So for the circuitry, we only need a couple things: An MCU, the radio module, some power regulators, the INA219 current sensors, and to drive the actuators: two pair of relays in an H-bridge configuration. I’ll cover more of this later, but it’s basically a backwards three-way light switch than can reverse the polarity on the the motors to drive them in two directions.

Now here’s the schematic

There’s no bonus points for minimum-size here so I’m going with all through-hole parts where possible. A little easier to debug and modify in development if necessary. So here’s the two H-bridges with their current monitors, some extra capacitors and flyback diodes to protect from the relay coils and any back-EMF from the motors. There’s some expansion headers in case I need extra safeties like an electronic eye, and the I2C lines have terminal blocks because I’m going to try and integrate my magnetometer vehicle detector into the same package:
But you know that endless feature-additions I was on about earlier? This is what I mean. The pins are exposed for future use, but I’m only going to focus on getting the code working with the basics before ad1ding in more possible random glitch generators.

Then that becomes a printed circuit board

Not much to this 2-layer layout. Relays out the bottom, power inlet and I2C out the sides, radio towards the top. Don’t forget the mounting holes- I’ve done that more than once.
circuit board layout

H-Bridge dc motor control

The H-Bridge, especially one built with relays make a quick and easy way to reverse the voltage polarity through a DC motor. Consider the following schematic:
So here we have two relays, pretty standard SPDT with the common (usually central) contact connected to each wire of the DC motor. The normally closed (NC) contacts connect to ground and the normally open (NO) contacts connected to positive voltage. This can be done with a double-throw-double-pole (DPDT) relay as well, but the SPDTs like what I’ve got are very common, especially in those premade banks of relays available for Arduino and Raspberry Pi projects. Now if any one relay is fired, we’ll have a current flow from that relay through the second relay and on to ground. Simply switch which relay is high and which is low, and now the current flow through the motor windings the other direction and it spins the other way. This design is also very safe and just about any failure mode results in the motor not moving. If both relays are turned on at positive voltage, the lack of voltage differential is just the same as grounding both relays and therefore both motor wires: current doesn’t flow, so the motor doesn’t turn. In the event of only one relay being stuck on, our safety is the limit switches built into the actuators.

Parts arrival

These are quite possibly the cheapest linear actuators money can buy; yet I think they will be quite adequate between the light weight gates and the ball bearing hinges.
unboxed actuator
Only two weeks after ordering my latest PCB package has arrived. Yes that’s right, I now have 10 gate opener control boards when I only need one… that’s the minimum order but it was still $10 for all 10 boards. Shockingly cheap. Possibly useful in future projects that need reversable DC motor control.

In the same box was boards for three other projects. More parts, for more projects, for more blog posts:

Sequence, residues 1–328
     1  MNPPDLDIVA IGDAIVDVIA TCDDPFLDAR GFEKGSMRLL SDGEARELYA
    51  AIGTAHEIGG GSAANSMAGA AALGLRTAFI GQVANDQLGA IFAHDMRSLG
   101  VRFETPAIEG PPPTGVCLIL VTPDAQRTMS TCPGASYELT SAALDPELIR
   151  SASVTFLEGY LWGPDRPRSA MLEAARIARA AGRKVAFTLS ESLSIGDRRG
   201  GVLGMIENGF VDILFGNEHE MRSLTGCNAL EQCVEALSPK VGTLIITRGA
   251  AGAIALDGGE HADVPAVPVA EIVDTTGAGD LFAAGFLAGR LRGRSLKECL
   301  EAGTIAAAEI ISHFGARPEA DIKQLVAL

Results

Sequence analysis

new pcbs unboxed

A few board assembly pictures

Quick bodge repair

Well the design was good, but my bill of materials was not. I ordered surface mount when I needed through hole parts for the current-sense resistor. Here’s how I fixed that anyway:
bodge repair

Finally a completed controller:


Hooked up and testing on the bench:

bench testing

Installing the actuators

Well I’ve got some nuts-and-bolts hardware to sort through next. I started sorting through some buckets of brackets and found some stainless steel angle that would be a good start. The actuators didn’t come with any kind of hinge so I bent a couple up out of some 1/8" aluminum.
bracket building
I really wanted these gates to open a little beyond 90 degrees, so I’m going to weld a piece of steel angle onto the side of the post. This provides a flat place to bolt the brackets on and also offsets it from center to give the actuator a little more room between it and the gate. To work out exactly what angles everything needed I bolted these random bits together, extended the actuator, and adjusted everything until the gates lined up straight when closed.

When the retacted, the gates open about 110 degrees, perfect!
adjusting brackets
So with those measurements taken I cut up some stainless steel brackets to make a nice pair of heavy duty, forever weather-resistant brackets. After final adjustment I think I’ll drill another hole by each pivot to lock it in place. There’s just too much leverage for simple clamping pressure to keep things from working loose after a while.

Final welding and hardware installation

So now I’ve got the angle base-plates welded onto the posts, some brackets built and welded to hold the solar panel, and the enclosure to hold the electronics drilled and mounted. It’s starting to look like something now!

Another in progress picture, with the trench for 3/4 PVC holding the wires to the second actuator:


Inside the control box. A cheap PWM solar charger, 7ah SLA battery, and the board:

inside control box

Project complete, pending further testing…

My biggest mechatronics project to date, and I’m super excited. So far everything works as expected, but I’m sure there will need to be some changes made if/when problems develop. This project is crossed off my to do list for now, but check back in a few months after everything has been through its first winter, there will likely be some lessons learned and adjustments made.

Picture taken after a few weeks of testing and the first snow of the year:

gate complete